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Scottish charity The Dignity Project was not pleased that Rowling, a 20-year Edinburgh resident, thinks Scotland should remain part of the UK.
Scotland is only three months out from a referendum on whether Scotland should remain part of the United Kingdom. There have been celebrity endorsements on both sides — the Proclaimers and Irvine Welsh are for independence, for instance, while David Tennant and Susan Boyle are against. But J.K. Rowling’s anti-separation stance is drawing an unusual amount of attention, because it came attached to a fat check. The Harry Potter author donated 1 million pounds to the campaign against independence.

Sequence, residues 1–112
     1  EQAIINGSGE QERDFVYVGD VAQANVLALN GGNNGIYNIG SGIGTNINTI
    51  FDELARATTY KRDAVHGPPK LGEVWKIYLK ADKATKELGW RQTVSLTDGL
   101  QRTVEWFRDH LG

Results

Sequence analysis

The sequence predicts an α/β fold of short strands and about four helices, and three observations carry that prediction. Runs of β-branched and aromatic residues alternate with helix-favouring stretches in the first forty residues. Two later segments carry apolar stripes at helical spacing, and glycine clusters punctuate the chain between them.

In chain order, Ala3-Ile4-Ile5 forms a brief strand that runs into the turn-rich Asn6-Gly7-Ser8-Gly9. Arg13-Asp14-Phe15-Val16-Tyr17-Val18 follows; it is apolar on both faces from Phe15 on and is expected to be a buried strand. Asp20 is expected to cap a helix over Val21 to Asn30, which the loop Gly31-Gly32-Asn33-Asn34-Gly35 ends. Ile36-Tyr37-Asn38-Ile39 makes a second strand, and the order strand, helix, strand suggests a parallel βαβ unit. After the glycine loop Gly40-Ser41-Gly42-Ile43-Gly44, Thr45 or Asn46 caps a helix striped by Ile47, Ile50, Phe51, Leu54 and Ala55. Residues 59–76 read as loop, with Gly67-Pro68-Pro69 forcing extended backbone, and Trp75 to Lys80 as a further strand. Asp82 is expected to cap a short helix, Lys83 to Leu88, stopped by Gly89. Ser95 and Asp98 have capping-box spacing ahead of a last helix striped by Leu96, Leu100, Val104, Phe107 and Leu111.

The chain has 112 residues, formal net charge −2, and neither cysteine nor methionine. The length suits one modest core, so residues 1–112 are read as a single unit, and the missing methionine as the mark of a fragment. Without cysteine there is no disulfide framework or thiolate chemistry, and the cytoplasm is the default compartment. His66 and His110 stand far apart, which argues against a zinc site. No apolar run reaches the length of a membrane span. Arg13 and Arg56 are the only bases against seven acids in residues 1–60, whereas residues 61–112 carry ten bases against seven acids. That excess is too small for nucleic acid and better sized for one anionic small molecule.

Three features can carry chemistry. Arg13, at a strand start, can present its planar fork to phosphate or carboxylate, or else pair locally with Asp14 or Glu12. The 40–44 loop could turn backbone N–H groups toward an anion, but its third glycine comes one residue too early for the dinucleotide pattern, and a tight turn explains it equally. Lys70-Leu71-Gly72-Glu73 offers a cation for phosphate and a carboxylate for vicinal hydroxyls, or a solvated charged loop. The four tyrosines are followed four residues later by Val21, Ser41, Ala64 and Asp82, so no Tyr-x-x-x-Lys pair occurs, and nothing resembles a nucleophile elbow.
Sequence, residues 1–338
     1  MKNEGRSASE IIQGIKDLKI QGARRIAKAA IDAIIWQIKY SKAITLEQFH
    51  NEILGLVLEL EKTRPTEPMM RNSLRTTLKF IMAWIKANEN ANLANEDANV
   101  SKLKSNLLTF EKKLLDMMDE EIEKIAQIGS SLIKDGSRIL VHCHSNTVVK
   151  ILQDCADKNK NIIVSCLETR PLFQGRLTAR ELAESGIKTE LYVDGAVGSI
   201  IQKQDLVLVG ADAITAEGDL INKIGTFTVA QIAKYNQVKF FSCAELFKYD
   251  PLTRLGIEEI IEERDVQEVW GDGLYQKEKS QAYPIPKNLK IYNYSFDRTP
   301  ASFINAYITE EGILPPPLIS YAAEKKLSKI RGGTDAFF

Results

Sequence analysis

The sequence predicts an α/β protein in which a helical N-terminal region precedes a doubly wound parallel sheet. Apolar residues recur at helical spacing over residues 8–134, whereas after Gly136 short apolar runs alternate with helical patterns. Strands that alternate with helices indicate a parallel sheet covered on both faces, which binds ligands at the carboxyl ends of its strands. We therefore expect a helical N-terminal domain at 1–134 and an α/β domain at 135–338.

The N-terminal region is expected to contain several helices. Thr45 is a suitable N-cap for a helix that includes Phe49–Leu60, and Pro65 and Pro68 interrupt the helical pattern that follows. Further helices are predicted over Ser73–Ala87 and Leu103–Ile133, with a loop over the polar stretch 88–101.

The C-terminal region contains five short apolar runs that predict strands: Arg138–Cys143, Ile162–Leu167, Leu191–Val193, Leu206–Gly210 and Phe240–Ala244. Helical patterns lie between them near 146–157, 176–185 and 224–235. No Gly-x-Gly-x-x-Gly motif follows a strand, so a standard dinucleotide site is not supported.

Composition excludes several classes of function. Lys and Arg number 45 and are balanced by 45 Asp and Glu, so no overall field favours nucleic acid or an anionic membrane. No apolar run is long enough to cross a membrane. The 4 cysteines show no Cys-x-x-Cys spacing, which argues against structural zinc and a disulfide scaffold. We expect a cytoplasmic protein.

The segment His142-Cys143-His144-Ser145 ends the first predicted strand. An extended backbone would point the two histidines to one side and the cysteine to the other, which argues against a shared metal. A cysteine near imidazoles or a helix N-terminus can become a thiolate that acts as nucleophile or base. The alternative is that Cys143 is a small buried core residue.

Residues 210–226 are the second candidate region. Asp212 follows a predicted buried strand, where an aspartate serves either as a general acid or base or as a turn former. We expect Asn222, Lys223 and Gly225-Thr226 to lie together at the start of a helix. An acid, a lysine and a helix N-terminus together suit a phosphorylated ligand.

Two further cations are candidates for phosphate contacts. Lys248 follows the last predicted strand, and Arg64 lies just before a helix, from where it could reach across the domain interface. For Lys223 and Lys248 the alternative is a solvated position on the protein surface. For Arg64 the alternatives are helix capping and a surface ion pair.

Rowling is not Scottish by birth, but has lived in Edinburgh for more than 20 years. In a 1,600-word essay on her website, she lays out her reasoning and explains that her anti-independence stance comes from a sense of loyalty to her adopted country: “It is because I love this country that I want it to thrive,” she writes. “I just hope with all my heart that we never have cause to look back and feel that we made a historically bad mistake.”
That’s been good enough for some independence supporters, who have been gracious if a little snarky ("As one of the world's leading fictional authors, I'm sure she can provide some good material for the no camp in the runup to September," said Yes Scotland board member Elaine C. Smith.) But someone at Edinburgh charity The Dignity Project was not at all pleased:
The charity later made a statement saying that its Twitter account had been hacked, because of course it did:
Well, whether The Dignity Project is disastrously bad at Twitter security or disastrously bad at PR, we know one thing for sure: It is disastrously bad at web design.